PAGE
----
Variation associated with measurement of retinal vessel diameters at different points in the pulse cycle.


Journal Article

BACKGROUND/AIMS: To assess the variability in retinal vessel measurements at different points in the pulse cycle. METHODS: A healthy white male aged 19 years had 30 digitised images taken at three distinct points in the pulse cycle over a one hour period. A pulse synchronised ear clip trigger device was used to capture images at the desired point in the pulse cycle. Two trained graders measured the retinal vessel diameter of one large arteriole, one large venule, one small arteriole, and one small venule 10 times in each of these 30 images. RESULTS: Within an image, variability was similar between graders, pulse point, and vessel type. Across images taken at the same point in the pulse period, the change from the minimum to maximum measurement was between 6% and 17% for arterioles and between 2% and 11% for venules. In addition, measurements of small vessels had greater changes than large vessels and no point in the pulse period was more variable than another. Ignoring pulse cycle increased variability across images in the large venule, but not in the other vessel types. Mixed effect models were fit for each of the vessel types to determine the greatest source of variability. Controlling for pulse point and grader, the largest source of variability for all four vessels measured was across images, accounting for more than 50% of the total variability. CONCLUSION: Measurements of large retinal venules is generally less variable than measurements of other retinal vessels. After controlling for pulse point and grader, the largest source of variation is across images. Understanding the components of variability in measuring retinal vessels is important as these techniques are applied in epidemiological studies.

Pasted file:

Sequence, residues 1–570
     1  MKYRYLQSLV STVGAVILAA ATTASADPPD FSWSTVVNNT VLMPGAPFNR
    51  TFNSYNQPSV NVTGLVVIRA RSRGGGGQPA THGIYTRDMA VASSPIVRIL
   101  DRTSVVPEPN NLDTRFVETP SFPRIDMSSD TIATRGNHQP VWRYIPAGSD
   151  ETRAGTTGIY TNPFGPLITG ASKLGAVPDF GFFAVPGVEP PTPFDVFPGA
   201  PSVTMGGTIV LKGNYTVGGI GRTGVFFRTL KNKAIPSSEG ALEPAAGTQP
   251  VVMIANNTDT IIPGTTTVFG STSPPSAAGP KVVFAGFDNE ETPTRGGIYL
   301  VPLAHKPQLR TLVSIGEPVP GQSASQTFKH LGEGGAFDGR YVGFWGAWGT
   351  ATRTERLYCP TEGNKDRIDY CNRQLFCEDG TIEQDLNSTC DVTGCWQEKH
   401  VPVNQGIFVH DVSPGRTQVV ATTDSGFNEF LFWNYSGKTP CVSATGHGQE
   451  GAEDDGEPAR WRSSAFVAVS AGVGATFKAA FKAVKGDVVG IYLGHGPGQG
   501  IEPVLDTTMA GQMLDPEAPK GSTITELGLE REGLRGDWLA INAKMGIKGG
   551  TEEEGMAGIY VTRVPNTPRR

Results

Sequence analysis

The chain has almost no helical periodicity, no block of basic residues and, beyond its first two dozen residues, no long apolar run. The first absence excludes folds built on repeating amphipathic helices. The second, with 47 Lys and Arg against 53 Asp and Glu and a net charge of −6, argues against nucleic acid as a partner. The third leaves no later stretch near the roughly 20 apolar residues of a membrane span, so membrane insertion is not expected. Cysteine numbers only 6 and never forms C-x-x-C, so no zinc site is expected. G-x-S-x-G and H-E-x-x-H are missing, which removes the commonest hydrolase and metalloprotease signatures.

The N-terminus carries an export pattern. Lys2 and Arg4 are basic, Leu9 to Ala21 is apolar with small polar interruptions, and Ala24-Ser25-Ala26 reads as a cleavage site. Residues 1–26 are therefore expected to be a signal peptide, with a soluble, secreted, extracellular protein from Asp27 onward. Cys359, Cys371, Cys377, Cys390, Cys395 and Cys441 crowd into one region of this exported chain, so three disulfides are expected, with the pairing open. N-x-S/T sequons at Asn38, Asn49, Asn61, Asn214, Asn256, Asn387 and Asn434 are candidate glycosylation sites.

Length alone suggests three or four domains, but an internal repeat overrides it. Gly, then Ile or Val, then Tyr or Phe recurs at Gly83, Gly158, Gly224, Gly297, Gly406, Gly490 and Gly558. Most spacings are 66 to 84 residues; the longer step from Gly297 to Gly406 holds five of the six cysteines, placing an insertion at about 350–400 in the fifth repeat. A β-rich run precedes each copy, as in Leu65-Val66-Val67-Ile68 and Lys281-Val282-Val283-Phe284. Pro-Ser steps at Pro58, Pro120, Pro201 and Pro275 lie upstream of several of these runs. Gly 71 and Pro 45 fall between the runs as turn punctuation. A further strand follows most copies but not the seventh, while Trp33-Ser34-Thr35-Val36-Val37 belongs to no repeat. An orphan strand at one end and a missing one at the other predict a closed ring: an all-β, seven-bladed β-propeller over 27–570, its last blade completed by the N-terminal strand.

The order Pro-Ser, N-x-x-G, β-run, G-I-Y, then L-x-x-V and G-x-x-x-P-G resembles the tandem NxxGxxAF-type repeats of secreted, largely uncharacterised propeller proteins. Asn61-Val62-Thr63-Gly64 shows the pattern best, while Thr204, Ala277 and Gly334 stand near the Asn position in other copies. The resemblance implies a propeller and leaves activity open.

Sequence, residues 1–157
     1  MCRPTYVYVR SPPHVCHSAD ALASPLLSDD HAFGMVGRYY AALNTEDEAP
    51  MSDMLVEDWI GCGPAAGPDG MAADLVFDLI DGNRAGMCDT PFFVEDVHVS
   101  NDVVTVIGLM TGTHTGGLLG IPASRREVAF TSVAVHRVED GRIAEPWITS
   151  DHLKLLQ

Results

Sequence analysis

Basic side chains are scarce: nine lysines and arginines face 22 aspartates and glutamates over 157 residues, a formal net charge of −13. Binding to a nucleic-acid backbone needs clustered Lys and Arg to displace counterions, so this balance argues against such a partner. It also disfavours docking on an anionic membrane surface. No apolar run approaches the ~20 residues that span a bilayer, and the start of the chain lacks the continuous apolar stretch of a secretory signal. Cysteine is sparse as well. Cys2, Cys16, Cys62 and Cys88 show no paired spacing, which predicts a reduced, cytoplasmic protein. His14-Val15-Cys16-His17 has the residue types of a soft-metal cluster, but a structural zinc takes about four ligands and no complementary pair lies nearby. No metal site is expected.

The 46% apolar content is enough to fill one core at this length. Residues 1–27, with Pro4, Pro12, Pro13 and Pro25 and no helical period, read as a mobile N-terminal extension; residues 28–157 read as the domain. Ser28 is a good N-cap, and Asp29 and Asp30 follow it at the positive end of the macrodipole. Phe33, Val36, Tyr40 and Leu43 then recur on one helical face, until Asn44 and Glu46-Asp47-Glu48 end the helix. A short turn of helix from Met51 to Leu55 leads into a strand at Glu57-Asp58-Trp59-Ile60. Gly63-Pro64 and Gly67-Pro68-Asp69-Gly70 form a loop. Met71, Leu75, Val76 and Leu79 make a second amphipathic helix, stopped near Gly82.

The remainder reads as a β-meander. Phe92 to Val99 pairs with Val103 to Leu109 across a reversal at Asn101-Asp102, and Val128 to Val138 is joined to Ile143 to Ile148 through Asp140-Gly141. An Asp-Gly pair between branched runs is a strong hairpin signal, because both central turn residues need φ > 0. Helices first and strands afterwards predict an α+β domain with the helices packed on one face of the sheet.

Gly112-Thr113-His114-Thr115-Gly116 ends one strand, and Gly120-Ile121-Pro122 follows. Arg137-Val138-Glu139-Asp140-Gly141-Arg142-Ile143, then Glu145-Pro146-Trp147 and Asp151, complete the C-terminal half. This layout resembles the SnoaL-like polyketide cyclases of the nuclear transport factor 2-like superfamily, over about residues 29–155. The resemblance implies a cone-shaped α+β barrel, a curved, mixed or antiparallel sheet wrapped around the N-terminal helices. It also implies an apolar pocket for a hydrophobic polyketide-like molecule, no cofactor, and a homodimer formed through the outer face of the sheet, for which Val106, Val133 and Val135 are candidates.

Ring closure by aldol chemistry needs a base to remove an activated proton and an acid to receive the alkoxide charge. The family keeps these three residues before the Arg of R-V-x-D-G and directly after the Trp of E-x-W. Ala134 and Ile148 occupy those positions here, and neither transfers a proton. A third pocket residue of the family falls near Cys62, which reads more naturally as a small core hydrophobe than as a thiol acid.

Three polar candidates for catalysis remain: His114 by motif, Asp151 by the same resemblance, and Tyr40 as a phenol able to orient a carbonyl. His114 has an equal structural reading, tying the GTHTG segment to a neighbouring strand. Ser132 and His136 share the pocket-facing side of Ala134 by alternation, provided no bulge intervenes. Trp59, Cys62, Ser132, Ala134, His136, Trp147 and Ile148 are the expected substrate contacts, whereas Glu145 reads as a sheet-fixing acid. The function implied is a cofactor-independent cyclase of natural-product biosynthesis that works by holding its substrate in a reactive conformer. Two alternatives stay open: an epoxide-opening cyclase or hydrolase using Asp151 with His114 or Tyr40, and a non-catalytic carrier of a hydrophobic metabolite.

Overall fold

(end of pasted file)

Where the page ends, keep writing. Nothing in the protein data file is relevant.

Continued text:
Full Text

Duke Authors

Cited Authors

  • Knudtson, MD; Klein, BEK; Klein, R; Wong, TY; Hubbard, LD; Lee, KE; Meuer, SM; Bulla, CP

Published Date

  • January 2004

Published In

Volume / Issue

  • 88 / 1

Start / End Page

  • 57 - 61

PubMed ID

  • 14693774

Pubmed Central ID

  • 14693774

International Standard Serial Number (ISSN)

  • 0007-1161

Digital Object Identifier (DOI)

  • 10.1136/bjo.88.1.57


  • eng

Conference Location

  • England